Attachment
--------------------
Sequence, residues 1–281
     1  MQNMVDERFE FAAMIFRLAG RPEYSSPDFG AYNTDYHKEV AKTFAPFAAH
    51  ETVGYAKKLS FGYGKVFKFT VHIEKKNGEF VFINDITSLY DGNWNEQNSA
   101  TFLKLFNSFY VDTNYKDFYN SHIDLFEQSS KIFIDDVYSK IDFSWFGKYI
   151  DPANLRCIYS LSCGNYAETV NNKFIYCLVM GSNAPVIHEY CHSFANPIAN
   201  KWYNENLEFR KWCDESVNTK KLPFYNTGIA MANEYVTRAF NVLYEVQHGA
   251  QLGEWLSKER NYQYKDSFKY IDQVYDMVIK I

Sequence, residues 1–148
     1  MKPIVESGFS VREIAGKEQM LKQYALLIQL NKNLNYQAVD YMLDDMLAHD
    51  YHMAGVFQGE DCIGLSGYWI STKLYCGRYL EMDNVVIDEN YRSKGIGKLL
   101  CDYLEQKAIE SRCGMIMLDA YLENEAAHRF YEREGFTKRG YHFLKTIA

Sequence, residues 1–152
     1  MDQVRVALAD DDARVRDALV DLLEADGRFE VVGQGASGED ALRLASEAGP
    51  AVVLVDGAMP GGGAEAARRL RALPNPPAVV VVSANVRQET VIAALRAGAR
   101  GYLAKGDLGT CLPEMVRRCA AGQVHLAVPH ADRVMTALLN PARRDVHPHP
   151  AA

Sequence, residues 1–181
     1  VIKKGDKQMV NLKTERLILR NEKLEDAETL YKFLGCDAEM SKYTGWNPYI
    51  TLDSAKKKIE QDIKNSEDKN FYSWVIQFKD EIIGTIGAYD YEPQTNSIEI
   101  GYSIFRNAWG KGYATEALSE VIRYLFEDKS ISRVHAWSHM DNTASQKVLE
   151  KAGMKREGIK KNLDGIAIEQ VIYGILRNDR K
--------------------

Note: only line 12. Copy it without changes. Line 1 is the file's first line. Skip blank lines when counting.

Sequence, residues 1–152